Lectures on FASER Experiment
by Dr. Felix Kling (SLAC)
at CTPU Seminar Room
IBS-CTPU will be hosting Felix Kling (SLAC), of the recently approved ForwArd Search ExpeRiment (FASER) at CERN, for a series of talks. These talks will occur over two days, beginning with a broad outline of the FASER experiment and then detail its discovery potential for a variety of light, weakly-interacting particles, including prospects for the detection of collider neutrinos in the sub-detector FASERν. We invite interested members of the theoretical/experimental particle physics community to join us and participate in a fruitful discussion of the possibilities associated with this exciting new experiment.
Notification for visitors : The IBS has taken preventive measures against nCoV, especially for visitors. Please note the following information before visiting the IBS.
1) In the main entrance, the staff of the IBS will measure the visitor’s temperature via a contactless thermometer. In the case of body temperature equal to or greater than 37.5℃, the visitors will not be allowed to enter the IBS.
2) The IBS staff also will ask to complete a (one page) questionnaire with questions such as whether or not the visitor visited China (Hong Kong, Macao, Singapore, Japan, Vietnam, Thailand, Taipei) within 14 days, and whether or not the visitor had a fever (37.5℃ or above) and respiratory symptoms (e.g. coughs, sore throats, etc.) recently. It won’t take much time if there is no suspicious symptom. However please note that if the visitor visited China within 14 days, he/she cannot enter the IBS building.
Wed. 02/19 (2 PM - 3 PM): The FASER Experiment
Physics searches and measurements at high-energy collider experiments traditionally focus on the high-pT region. However, if particles are light and weakly-coupled, this focus may be completely misguided: light particles are typically highly collimated around the beam line, allowing sensitive searches with small detectors, and even extremely weakly-coupled particles may be produced in large numbers there. Our recently approved experiment, the ForwArd Search ExpeRiment, or FASER, will be placed downstream of the ATLAS interaction point in the unused service tunnel TI12 to operate concurrently with the LHC. In this location, it will search for new particles and record neutrino interactions with TeV energies. In this talk, I will outline the idea behind FASER, describe the detector location, layout, components and timeline, and discuss backgrounds at the FASER location.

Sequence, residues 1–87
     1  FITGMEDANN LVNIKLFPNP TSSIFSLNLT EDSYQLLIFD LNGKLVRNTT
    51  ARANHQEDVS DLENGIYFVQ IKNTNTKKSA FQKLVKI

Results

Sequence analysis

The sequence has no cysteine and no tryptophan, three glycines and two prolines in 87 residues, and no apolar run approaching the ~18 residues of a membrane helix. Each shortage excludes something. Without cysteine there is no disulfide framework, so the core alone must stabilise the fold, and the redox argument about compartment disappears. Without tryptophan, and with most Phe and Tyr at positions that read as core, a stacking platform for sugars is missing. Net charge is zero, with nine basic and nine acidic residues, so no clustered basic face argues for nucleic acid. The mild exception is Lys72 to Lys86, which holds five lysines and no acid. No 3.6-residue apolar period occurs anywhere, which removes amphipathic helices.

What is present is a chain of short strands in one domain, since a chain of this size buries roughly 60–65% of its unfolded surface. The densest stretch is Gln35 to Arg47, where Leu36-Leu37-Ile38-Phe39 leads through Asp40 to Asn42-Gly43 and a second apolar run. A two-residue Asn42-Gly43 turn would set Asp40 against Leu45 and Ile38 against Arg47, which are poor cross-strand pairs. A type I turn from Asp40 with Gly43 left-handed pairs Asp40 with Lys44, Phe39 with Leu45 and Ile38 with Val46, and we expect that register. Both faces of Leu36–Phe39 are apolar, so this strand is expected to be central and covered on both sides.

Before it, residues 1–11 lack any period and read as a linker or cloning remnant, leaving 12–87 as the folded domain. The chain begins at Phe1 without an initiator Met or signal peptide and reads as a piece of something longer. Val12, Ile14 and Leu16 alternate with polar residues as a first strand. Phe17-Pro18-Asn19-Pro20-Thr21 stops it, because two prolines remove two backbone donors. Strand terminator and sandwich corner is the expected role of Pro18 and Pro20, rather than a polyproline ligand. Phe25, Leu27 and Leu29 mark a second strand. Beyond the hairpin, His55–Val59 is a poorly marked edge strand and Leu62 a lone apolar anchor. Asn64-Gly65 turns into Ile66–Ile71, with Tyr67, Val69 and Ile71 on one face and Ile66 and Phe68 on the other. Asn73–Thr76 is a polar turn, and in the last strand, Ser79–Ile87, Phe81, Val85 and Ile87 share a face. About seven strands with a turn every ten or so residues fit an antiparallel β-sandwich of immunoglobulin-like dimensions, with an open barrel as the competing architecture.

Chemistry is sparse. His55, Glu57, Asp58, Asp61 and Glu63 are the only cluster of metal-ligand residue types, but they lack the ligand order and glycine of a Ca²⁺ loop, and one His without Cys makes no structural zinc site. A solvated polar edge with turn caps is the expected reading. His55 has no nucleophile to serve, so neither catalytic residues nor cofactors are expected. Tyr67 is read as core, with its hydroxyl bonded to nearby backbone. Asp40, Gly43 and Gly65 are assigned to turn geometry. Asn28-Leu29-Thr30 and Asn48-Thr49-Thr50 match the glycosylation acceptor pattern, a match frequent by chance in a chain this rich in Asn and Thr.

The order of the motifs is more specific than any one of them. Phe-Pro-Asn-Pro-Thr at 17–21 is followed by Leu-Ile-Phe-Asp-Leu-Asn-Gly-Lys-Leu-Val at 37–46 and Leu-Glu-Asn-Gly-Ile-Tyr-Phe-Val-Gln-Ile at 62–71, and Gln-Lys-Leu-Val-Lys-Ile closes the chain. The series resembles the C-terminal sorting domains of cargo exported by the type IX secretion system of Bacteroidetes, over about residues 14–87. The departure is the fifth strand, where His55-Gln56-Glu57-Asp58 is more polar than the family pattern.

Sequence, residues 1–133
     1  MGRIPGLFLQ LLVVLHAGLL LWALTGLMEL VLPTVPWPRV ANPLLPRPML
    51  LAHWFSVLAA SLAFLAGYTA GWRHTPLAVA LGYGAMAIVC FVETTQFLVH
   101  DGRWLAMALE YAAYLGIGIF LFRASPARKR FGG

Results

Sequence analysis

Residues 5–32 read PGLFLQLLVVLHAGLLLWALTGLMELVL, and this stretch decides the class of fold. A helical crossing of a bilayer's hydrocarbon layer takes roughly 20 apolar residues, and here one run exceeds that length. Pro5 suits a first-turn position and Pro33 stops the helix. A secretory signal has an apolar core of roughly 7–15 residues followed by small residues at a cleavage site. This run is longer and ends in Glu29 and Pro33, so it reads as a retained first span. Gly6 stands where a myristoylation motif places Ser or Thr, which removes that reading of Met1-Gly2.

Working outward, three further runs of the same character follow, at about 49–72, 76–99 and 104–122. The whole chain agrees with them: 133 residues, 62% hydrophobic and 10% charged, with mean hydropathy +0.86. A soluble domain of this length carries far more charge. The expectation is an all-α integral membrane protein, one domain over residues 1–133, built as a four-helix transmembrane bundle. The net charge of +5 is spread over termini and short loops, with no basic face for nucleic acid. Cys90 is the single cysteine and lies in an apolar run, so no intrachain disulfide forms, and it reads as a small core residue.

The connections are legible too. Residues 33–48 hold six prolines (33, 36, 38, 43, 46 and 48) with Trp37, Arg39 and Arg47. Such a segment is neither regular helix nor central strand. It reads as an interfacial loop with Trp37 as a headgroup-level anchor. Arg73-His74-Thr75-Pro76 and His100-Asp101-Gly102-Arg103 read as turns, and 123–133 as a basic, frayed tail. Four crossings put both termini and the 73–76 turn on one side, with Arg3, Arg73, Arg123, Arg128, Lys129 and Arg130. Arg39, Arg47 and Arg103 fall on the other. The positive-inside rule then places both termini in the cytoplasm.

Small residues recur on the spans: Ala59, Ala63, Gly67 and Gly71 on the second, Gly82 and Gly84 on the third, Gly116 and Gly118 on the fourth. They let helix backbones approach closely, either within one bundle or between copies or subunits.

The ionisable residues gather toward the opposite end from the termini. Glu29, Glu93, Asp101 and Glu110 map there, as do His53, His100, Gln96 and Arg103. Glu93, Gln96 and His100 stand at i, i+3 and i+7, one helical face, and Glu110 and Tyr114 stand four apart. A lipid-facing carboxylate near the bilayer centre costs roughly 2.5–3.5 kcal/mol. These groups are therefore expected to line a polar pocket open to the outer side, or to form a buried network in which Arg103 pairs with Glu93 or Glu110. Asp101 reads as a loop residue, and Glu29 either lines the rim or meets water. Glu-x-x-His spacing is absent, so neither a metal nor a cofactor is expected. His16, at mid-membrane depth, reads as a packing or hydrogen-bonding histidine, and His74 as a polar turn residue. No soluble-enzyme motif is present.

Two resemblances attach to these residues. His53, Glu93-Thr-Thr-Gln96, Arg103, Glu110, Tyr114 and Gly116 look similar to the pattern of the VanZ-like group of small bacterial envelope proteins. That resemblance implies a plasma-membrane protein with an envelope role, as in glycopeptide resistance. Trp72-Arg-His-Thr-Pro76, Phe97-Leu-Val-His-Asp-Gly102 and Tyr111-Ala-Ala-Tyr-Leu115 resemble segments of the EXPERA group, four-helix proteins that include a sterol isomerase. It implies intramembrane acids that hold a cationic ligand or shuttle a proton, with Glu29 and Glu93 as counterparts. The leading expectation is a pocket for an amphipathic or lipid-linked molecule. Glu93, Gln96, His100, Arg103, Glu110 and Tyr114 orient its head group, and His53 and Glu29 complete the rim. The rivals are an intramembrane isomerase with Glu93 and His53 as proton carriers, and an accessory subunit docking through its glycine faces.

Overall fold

Wed. 02/19 (3:30 PM - 4:30 PM): Looking forward to new Physics at FASER
The approved FASER experiment will complement the LHC's existing physics program by extending its discovery potential to a host of new light, extremely weakly interacting particles. Such particles may be produced in the LHC's high-energy collisions in large numbers in the far-forward region and may decay to visible particles in FASER, which is placed 480 m downstream of the ATLAS interaction point. In this talk, I will present the sensitivity reach for FASER, as well as it's follow-up FASER 2, for a variety of long-lived particle models, including dark photons, dark Higgs bosons, heavy neutral leptons, axion-like particles and inelastic dark matter. I will discuss how this reach can be further extended by considering additional secondary production of long-lived particles right in front of the detector.
Thur. 02/20 (2 PM - 3 PM): Detecting and Studying High-Energy Collider Neutrinos at FASERv
Neutrinos are copiously produced at particle colliders, but no collider neutrino has ever been detected. FASERv, a recently approved subdetector of FASER, is designed to detect such collider neutrinos for the first time and study their properties. In this talk, I will show that the small and inexpensive emulsion detector will be able to detect thousands of neutrino interactions with TeV energies. I will then discuss how FASERv will measure neutrino cross sections at energies where they are currently unconstrained, will bound models of forward particle production, and could open a new window on physics beyond the standard model.